« Reply #8 on: March 08, 2006, 06:56:52 AM »

Offline Jimbob

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Re: The Emergent Church
« Reply #9 on: March 08, 2006, 07:22:56 AM »
Quote
Quote
What is being questioned is the practice of "motivation by exclusion" that most churches practice.


What does this mean? What is motivation by exclusion? Can you explain that? How do you define most churches? Are you specifically talking about the Church of Christ?



Adam & Phil Wilson address this in episode 2 (Community & Belonging) of their Post Restorationist podcast, which mirrors conversations we've had in our household many times.

Offline ellisadam

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Re: The Emergent Church
« Reply #10 on: March 08, 2006, 07:35:01 AM »
Quote
'modernity (which is arguably more humanistic than postmodernity)'

backwards.
David,  you are welcome to your opinion, but there are many who (not just in the emerging church movment) who would disagree with you.  There are many who would say that part of the reason for the advent of postmodernity is a reaction against the humanism of modernity.  Like I said though, it's arguable.

'
Quote
I think it's too early to judge a movement that is only just beginning (and seems to me to have a lot to offer.)'

they already judged the rest of us.

This is simply not true of the majority of the ec movement or any (that I can find) of it's leaders.  I am quite sure that you can find a few people who self identify as "emergent" who are angry about their traditional upbringing and cast judgment on the traditional church.  However, the overall thrust of the ec movement is, as I said earlier that: 
Quote
Leaders in the emerging church are quite clear that they are not calling on everyone to abandon existing church structures.  They are simply asking for support, or at the very least that traditional/modern Christians would focus their energy on reaching the significant part of the population that a modern version of the Gospel can connect with instead of tearing into those of us who are trying to find another way to express the truth in a radically changing culture.
It is a falicy to assume that just because some choose to do something a different way, that they are judging you as wrong. 
AE
P.S.  jmg3rd, thanks for plugging our podcast.

Offline johntwayne

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Re: The Emergent Church
« Reply #11 on: March 08, 2006, 09:07:18 AM »
Well, my gift is in the area of taking complicated things and stating them simply so I will give it a stab....

To understand what "emergent" and "post-modernism" are we have to understand what modernism is/was.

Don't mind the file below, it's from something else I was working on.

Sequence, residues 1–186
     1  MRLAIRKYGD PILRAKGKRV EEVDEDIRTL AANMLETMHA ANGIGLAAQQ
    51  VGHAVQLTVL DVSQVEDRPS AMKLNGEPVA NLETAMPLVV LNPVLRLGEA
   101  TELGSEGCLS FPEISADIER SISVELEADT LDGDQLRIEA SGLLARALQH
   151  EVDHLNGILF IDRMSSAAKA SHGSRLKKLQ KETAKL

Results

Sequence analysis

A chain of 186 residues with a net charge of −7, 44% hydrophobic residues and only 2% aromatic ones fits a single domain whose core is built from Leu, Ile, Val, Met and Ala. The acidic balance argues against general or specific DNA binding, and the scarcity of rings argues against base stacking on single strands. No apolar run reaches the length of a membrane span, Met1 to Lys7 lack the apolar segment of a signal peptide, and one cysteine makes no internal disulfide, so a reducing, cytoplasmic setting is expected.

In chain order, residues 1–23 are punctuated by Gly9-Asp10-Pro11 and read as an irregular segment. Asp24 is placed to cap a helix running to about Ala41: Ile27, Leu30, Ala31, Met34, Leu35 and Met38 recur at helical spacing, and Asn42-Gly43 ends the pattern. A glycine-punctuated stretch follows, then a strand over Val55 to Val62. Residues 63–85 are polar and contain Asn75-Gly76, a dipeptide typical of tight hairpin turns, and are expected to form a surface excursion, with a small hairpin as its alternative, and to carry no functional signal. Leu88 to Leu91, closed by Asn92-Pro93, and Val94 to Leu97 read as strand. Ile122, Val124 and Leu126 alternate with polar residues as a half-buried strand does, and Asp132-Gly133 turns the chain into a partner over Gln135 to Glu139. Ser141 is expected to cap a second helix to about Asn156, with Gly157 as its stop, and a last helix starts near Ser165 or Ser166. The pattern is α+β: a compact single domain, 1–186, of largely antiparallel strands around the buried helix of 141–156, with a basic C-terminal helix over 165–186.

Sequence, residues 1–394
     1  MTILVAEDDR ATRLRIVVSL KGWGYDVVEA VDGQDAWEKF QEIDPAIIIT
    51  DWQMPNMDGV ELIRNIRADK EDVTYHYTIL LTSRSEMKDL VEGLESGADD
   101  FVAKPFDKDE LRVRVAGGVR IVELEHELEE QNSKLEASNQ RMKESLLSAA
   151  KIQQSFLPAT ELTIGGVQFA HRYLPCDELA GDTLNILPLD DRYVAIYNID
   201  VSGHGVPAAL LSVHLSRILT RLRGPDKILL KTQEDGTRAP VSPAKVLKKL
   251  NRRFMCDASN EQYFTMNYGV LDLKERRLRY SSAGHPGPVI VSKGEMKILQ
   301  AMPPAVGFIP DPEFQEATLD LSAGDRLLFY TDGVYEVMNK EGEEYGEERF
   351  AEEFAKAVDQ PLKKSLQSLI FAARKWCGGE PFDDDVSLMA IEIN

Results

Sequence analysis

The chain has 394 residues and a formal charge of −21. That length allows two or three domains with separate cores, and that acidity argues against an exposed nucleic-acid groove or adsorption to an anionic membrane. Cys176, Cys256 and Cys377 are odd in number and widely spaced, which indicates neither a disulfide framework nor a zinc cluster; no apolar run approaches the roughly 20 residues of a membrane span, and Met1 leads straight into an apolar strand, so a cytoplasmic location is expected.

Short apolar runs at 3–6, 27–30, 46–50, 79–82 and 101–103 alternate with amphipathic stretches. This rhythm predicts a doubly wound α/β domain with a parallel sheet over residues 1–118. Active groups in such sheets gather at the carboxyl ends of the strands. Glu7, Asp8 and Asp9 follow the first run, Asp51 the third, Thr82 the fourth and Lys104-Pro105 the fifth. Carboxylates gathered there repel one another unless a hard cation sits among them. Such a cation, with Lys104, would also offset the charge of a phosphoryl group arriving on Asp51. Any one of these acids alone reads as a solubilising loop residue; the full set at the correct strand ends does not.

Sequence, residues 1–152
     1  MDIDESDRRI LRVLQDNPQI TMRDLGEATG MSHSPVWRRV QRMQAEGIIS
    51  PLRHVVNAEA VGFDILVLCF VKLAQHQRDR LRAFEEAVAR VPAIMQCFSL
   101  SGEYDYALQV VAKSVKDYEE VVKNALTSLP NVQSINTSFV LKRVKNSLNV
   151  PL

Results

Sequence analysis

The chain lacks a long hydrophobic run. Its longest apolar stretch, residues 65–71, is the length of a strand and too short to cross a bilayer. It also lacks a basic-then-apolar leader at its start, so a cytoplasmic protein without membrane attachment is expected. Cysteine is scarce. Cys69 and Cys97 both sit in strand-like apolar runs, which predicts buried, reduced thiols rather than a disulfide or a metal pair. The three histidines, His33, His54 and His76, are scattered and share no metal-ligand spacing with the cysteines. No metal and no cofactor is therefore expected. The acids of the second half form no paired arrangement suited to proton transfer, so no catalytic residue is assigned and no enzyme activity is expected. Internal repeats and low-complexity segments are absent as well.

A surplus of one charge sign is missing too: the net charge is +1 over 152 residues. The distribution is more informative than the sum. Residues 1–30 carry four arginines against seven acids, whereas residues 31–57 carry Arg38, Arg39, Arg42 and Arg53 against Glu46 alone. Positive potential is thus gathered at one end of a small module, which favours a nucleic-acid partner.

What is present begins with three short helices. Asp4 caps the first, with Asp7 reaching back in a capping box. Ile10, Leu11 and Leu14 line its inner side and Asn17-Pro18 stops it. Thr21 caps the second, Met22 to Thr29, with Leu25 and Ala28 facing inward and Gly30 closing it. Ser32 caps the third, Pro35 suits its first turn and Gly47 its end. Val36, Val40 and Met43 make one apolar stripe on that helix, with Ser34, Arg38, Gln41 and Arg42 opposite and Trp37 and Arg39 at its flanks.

Modernism is/was the spirit that has basically ruled for the last 250 years.   It is the idea that man, through science, knowledge and reason, can solve his most fundamental problems.  We have, based on that idea, made some terrific leaps in science and knowledge but instead of these solving our most fundamental problems we are finding that our new knowldge and science may even be exasperating our most fundamental problems.

Post-modernism is simply a term used to describe people who see the flaw in modernism and are searching for another view.  There are a lot of alternatives being offerred.

The "Emergent" movement is a Christian form of Post-Modernism and like Post-Modernism it really doesn't know yet what it is.  It just rejectes modernism and affirms that the answer to it is found in Christ, Christianity, Church, or similar ideas.  Its not entirely sure or agreed yet on just how these are the answer to modernism.

Offline Nevertheless

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Re: The Emergent Church
« Reply #12 on: March 08, 2006, 08:26:32 PM »
Lee, thanks for the definitions.  Unfortunately, though I read the whole post carefully, what I heard was something like:  "Blah, blah, blah,  “emerging postmodernism

Offline ellisadam

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Re: The Emergent Church
« Reply #13 on: March 09, 2006, 07:46:28 AM »
Quote
So how can people promote a philosophy if they don't know what it is, and why would anyone be persuaded to adopt it?

Nevertheless,
It's becoming clear to me that maybe this is the heart of the misunderstanding about the emerging church movement/conversation.  Emergent is not trying to pursuade people to adopt postmodernism.  It is not trying to encourgage churches to become "postmodern churches" or Christians to become "postmodern Christians".  Postmodernity is a philisophical and cultural shift in the way people "come to know things" that is taking place in the culture at large.  It is in it's early stages, but it is catching, particularly in younger generations.  Because it's in it's early stages, it is, of course caught up in deconstructing what came before it (modernity), which is why it has a clunky, silly sounding name like "post-modernity".  This is not something that people are trying to "convert" others to.  It is something that is developing all on its own.  What some of us are trying to figure out is, what is the church going to look like?  How are we going to accurately and effectively communicate the Gospel, when the old ways of "coming to know things" don't communicate the same way anymore?  (this most certainly does not mean that the old ways are "wrong", "bad", or even "stupid".)  What you will find if you look is that many of us in the EC movement/conversation either are or were Youth Ministers.  The reason for this is that we see this stuff first and are having to change our methodology and how we even construct our arguments because what once communicated, now just doesn't with many people.  So, it's experimental in many ways.  It's often confusing, and sometimes scary.  But, for many of us, it's where we must go as a matter of faithfulness to God, the Gospel, and our Calling.
AE

Offline Lee Freeman

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Re: The Emergent Church
« Reply #14 on: March 09, 2006, 08:39:20 AM »
Lee, thanks for the definitions.  Unfortunately, though I read the whole post carefully, what I heard was something like:  "Blah, blah, blah,  “emerging postmodernism
« Last Edit: March 09, 2006, 08:41:52 AM by Lee Freeman »